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Ticket "package" the latest Brooklyn Nets design effort

Brooklyn Nets

When ticket reps call potential buyers, they talk in terms of "packages" -- a season ticket package, a 10-game package, etc.. Well, for those who bought any of those "packages", the term has a new meaning.

Starting Wednesday, they'll be getting real packages from the Nets, black-and-white boxes filled with their tickets, including some special ones. The tickets for Opening Night will be plastic, high quality plastic, commemorative tickets meant as a "keepsake," says Fred Mangione, the Nets executive vice president and chief marketing officer.

"The goal of the package design is to have the wow-ness to match the excitement and euphoria of getting the tickets you've been waiting for.," said Mangione. "We didn't want to send just an envelope with tickets inside."

It's more than just a box. The package and tickets are the latest iteration of the Nets' use of design as a unifying element of their Brooklyn roll-out. Both the package and the tickets are in keeping with the monochromatic motif Jay-Z inspired: black-and-white, simple and classic ... as he's described it. The Nets corporate identity, their logo, their font, their advertising, their uniforms, even the feel of the arena as a "black box" theater are all elements of an overall design plan.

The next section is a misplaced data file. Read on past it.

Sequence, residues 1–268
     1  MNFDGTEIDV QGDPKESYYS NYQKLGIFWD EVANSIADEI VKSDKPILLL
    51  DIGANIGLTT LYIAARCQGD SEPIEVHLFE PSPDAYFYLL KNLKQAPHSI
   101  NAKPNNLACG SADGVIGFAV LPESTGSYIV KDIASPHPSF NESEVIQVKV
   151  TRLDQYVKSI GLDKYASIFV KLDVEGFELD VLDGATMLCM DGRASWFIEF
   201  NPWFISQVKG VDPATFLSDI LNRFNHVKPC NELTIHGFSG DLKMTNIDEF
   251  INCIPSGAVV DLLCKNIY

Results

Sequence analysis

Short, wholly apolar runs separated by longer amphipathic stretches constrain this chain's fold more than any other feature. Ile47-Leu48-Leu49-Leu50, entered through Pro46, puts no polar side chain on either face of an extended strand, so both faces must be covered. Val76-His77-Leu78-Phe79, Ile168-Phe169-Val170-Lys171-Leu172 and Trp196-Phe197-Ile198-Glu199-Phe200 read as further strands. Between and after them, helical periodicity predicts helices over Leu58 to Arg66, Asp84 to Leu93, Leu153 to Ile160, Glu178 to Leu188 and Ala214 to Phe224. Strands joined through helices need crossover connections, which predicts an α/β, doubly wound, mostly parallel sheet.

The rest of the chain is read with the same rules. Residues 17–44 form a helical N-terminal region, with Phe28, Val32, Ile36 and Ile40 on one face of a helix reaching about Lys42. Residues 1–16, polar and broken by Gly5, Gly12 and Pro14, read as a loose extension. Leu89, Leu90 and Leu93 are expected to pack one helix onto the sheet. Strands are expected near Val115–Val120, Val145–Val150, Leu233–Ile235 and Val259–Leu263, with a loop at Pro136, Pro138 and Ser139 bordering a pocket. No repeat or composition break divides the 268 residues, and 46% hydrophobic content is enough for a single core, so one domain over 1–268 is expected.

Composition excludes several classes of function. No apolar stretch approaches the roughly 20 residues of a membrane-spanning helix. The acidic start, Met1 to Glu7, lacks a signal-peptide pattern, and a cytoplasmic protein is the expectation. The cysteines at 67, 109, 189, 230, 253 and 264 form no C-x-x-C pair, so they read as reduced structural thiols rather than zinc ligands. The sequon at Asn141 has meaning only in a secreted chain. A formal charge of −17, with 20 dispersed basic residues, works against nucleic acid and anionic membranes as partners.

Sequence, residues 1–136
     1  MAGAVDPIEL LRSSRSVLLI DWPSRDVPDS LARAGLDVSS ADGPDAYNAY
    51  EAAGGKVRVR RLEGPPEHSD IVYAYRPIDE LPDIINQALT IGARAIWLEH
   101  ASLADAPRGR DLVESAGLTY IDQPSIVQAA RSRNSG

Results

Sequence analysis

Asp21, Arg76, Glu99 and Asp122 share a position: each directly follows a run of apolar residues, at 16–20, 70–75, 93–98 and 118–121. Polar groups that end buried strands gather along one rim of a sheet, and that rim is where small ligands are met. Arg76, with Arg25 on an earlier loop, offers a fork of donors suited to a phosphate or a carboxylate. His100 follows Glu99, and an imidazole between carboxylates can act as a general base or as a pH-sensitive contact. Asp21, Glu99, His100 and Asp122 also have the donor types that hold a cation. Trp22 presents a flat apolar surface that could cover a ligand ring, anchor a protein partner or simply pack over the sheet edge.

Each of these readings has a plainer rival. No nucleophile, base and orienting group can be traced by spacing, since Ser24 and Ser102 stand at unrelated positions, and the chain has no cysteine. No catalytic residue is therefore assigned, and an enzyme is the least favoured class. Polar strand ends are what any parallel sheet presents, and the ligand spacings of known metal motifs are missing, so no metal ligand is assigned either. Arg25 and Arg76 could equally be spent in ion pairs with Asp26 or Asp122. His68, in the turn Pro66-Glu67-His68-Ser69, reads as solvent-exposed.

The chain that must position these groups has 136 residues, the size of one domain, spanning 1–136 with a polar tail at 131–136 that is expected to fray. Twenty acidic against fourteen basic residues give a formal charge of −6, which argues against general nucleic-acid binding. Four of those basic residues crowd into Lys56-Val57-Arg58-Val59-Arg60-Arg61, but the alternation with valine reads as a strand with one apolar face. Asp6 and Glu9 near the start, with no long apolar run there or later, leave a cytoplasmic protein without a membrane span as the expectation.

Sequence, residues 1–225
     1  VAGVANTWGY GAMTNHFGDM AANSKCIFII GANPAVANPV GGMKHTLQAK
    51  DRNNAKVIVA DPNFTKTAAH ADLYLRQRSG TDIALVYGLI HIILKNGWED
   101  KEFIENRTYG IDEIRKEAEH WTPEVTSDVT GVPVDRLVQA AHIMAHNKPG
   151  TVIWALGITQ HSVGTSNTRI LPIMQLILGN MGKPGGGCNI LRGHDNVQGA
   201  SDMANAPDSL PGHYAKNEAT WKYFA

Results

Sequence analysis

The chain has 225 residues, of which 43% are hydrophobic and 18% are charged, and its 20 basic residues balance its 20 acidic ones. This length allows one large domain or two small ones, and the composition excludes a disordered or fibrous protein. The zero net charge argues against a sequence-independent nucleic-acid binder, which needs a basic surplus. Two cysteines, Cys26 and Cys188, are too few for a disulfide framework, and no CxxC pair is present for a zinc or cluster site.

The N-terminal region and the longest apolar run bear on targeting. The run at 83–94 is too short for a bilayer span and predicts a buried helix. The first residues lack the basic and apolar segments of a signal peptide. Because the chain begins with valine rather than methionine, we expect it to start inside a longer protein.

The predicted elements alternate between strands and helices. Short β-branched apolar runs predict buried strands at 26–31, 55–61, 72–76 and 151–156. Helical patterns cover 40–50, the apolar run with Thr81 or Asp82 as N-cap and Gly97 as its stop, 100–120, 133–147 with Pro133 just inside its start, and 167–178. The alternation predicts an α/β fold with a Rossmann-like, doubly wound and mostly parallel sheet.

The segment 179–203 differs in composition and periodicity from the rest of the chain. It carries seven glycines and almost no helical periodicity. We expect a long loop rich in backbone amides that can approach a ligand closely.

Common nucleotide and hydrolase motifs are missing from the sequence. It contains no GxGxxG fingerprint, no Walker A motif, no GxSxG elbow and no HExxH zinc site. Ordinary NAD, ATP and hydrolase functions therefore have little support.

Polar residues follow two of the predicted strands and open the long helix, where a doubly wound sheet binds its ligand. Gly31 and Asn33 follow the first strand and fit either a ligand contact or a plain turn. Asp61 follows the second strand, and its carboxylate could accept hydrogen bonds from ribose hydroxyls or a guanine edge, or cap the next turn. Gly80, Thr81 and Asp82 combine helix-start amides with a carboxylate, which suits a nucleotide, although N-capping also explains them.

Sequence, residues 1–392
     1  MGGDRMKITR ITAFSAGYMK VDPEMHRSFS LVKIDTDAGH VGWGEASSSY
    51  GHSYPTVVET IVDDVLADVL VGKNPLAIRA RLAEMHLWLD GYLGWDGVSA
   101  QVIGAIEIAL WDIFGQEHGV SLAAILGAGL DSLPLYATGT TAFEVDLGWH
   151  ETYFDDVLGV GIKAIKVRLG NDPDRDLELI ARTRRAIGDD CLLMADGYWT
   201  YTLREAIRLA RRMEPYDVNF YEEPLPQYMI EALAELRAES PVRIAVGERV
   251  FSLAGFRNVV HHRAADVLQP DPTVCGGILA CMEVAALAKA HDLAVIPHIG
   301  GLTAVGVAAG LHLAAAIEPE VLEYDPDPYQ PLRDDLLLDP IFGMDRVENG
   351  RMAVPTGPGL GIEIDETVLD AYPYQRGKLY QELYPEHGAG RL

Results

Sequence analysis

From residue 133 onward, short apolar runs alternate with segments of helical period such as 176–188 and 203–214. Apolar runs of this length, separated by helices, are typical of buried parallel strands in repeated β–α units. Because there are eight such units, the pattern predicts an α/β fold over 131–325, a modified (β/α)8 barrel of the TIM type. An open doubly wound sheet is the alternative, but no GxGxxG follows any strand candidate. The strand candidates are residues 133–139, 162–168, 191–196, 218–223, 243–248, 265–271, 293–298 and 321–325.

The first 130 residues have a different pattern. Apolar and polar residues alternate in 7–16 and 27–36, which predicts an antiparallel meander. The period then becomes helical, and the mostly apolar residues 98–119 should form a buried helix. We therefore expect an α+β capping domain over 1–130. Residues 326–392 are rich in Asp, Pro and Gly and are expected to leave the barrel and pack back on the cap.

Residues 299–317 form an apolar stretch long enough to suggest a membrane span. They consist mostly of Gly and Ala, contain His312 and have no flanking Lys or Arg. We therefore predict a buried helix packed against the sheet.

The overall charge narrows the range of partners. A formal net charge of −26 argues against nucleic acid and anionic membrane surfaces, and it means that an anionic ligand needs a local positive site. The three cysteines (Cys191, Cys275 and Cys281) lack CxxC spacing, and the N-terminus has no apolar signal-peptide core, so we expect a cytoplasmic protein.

Nets creative director Travis Lee has been the unifying force in making it all work together. His team of Justin Baier, creative designer and Aaron Brown, photographer and designer, executed the designs for the package and tickets, which take advantage of fans' familiarity with the Nets players already established by their advertising work.

Each game ticket except for the commemorative Opening Night ticket will have a headshot, (black-and-white, of course) of one of six Nets players: Deron Williams, Joe Johnson, Brook Lopez, Gerald Wallace, Kris Humphries and MarShon Brooks. The Brooklyn Nets vs. New York Knicks ticket, in addition to being plastic, will be black and white and larger, in keeping with the event itself.